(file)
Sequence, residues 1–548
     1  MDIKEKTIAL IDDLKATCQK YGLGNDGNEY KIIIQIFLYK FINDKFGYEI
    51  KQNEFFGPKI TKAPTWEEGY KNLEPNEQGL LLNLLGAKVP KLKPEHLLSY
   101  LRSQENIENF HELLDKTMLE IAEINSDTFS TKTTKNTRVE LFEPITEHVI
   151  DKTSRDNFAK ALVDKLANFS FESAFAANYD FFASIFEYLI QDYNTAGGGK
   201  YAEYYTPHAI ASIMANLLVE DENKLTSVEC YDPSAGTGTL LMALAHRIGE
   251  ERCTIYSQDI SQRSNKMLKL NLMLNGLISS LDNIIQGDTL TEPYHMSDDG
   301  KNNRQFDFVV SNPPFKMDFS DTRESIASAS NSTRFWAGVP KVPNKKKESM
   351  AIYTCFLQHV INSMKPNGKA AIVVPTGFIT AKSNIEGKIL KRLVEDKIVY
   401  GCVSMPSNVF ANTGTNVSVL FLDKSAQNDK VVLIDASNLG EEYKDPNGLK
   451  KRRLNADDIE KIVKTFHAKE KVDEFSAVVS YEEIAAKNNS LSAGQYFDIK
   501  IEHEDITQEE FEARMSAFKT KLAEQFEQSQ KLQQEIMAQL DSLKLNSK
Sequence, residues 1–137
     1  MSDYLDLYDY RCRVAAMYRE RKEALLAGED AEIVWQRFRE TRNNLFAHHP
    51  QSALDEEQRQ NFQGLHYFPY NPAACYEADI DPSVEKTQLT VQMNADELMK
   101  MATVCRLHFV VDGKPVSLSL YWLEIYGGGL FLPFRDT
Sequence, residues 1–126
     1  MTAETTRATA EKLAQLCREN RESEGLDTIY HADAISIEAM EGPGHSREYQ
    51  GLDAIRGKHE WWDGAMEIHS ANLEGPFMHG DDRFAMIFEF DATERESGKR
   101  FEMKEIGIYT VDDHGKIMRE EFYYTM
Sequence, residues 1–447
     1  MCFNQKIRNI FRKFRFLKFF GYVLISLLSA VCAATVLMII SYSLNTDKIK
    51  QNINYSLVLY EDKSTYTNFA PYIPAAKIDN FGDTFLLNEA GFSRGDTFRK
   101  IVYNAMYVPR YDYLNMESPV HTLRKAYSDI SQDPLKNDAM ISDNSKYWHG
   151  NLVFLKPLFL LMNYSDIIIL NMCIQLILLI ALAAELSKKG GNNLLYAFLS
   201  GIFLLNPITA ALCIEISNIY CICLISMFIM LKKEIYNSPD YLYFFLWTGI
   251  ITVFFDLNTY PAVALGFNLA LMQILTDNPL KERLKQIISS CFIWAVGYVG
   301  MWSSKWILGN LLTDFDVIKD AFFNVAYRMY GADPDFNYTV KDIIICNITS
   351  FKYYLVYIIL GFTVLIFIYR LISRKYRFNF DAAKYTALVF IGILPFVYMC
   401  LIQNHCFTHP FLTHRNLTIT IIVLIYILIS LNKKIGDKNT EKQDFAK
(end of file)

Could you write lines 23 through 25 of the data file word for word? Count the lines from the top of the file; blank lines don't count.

    51  QNINYSLVLY EDKSTYTNFA PYIPAAKIDN FGDTFLLNEA GFSRGDTFRK
   101  IVYNAMYVPR YDYLNMESPV HTLRKAYSDI SQDPLKNDAM ISDNSKYWHG
   151  NLVFLKPLFL LMNYSDIIIL NMCIQLILLI ALAAELSKKG GNNLLYAFLS